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Worst Month Ever in Italian Bonds Leaves Confidence in Tatters

Anooja Debnath, Cecile Gutscher
A cyclist crosses Piazza de'Frescobaldi in Florence, Italy, on Wednesday, July 6, 2016. Maintaining inherited wealth has worked for generations of the Frescobaldi family over 700 years, and it has let the descendants of Jakob Fugger in Germany continue to run the Fuggerei social-housing complex the Emperor's banker founded almost half a millennium ago.

Italian bonds may have bounced off this week’s stunning losses, but some of the biggest investors say the worst isn’t over.

While the nation’s benchmark yields had biggest monthly jump in May since records began in 1993, they are “still pretty low” for Andrew Balls, chief investment officer for global fixed income at Pacific Investment Management Co. The firm has had an underweight position on Italy’s debt, he said, as political and market uncertainties persist.

“Anyone who’s got a clear idea on Italy over the next couple of years are a lot smarter than we are,” Balls said in a Bloomberg Television interview. “I haven’t got more gray hair over the weekend because in times of great uncertainty you can just try and watch from the sidelines.”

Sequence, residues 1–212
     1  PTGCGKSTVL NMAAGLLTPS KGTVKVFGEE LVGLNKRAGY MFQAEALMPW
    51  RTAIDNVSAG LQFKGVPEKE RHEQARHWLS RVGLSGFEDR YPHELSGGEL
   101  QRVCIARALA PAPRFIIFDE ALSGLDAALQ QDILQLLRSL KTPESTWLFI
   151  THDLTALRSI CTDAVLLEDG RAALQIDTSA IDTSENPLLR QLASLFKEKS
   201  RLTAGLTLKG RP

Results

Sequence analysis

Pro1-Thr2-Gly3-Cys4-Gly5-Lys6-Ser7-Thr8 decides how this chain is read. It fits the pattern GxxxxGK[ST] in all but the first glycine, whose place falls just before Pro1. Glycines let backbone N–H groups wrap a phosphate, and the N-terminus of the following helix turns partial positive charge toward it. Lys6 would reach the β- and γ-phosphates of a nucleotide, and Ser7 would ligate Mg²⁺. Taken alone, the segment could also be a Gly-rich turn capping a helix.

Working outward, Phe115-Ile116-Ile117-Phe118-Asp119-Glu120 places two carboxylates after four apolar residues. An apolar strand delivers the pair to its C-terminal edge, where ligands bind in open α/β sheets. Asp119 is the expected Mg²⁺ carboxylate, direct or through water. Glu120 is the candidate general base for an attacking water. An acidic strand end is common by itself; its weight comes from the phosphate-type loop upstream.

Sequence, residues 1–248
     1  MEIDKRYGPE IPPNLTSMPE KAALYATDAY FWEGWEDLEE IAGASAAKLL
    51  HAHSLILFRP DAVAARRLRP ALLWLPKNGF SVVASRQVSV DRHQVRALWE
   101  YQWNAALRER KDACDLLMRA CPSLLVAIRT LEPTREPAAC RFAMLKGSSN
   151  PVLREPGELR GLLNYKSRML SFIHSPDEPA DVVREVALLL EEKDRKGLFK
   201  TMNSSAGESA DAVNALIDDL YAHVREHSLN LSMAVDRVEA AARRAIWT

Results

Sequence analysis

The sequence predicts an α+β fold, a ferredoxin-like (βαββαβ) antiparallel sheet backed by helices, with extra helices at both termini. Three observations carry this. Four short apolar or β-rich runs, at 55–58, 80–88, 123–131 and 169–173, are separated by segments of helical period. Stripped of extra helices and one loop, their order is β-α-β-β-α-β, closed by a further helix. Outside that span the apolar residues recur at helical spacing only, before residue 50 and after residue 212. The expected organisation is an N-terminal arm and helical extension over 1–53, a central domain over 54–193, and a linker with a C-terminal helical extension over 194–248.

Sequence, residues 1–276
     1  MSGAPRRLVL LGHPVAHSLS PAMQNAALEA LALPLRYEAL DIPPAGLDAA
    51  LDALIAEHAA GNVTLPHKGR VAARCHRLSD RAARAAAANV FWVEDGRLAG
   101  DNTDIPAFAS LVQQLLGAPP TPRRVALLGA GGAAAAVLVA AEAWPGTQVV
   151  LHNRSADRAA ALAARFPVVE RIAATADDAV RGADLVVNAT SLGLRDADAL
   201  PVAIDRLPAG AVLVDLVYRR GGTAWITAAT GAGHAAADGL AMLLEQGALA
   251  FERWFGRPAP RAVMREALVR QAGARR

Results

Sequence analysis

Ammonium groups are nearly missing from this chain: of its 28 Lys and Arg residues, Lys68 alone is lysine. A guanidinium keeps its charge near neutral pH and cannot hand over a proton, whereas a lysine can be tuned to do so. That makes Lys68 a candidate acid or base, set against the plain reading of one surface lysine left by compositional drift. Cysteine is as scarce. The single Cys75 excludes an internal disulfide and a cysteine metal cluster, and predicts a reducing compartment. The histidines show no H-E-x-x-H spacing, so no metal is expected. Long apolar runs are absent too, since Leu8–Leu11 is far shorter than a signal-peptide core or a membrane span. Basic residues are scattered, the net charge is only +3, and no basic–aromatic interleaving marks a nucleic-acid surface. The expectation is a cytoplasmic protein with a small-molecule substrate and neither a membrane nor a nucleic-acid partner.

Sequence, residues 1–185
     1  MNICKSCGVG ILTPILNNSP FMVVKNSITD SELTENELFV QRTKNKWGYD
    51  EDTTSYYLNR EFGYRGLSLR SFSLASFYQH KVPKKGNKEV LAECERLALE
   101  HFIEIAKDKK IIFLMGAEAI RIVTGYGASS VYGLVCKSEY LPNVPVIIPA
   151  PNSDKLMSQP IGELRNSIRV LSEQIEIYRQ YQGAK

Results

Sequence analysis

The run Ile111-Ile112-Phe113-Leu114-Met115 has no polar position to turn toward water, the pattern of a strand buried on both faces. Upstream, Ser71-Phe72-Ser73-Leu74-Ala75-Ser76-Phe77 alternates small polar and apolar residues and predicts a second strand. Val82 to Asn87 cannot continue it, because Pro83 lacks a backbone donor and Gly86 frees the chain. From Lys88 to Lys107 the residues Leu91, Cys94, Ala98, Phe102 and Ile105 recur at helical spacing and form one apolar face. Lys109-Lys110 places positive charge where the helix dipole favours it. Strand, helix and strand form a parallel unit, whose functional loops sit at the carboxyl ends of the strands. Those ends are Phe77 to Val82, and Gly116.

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The political upheaval in Rome that brought the euro’s very existence into question saw the spreads between Italian and German bond yields to surge beyond 300 basis points on Tuesday, the widest since 2013. It has retreated to about 250 since then.

Still, “it is too early to conclude that the worst has passed,” Martin van Vliet, a strategist at ING Groep NV said in emailed comments. Analysts including van Vliet have come up with a range of potential scenarios on the spread may move, corresponding to how the Italian risks evolve, over the next six to 12 months, according to an ING note to clients published this week.

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  • The “most benign” outcome could contain the yield gap in the upper half of a 100-200 basis point range, while a “muddling through scenario” that seems most likely may see it settle in the 200-300 basis point band, they predict
  • But things could get a lot worse. An “escalation” of the situation could lead to a sovereign downgrade for Italy and see foreign investors cut their holdings of the nation’s bonds. In such a case, the yield differential will probably shoot up to 500 basis points, according to ING
  • The low-probability, worst-case scenario where “markets increasingly discount an Italian exit from the euro zone” could send the spread as high as 1000 basis points

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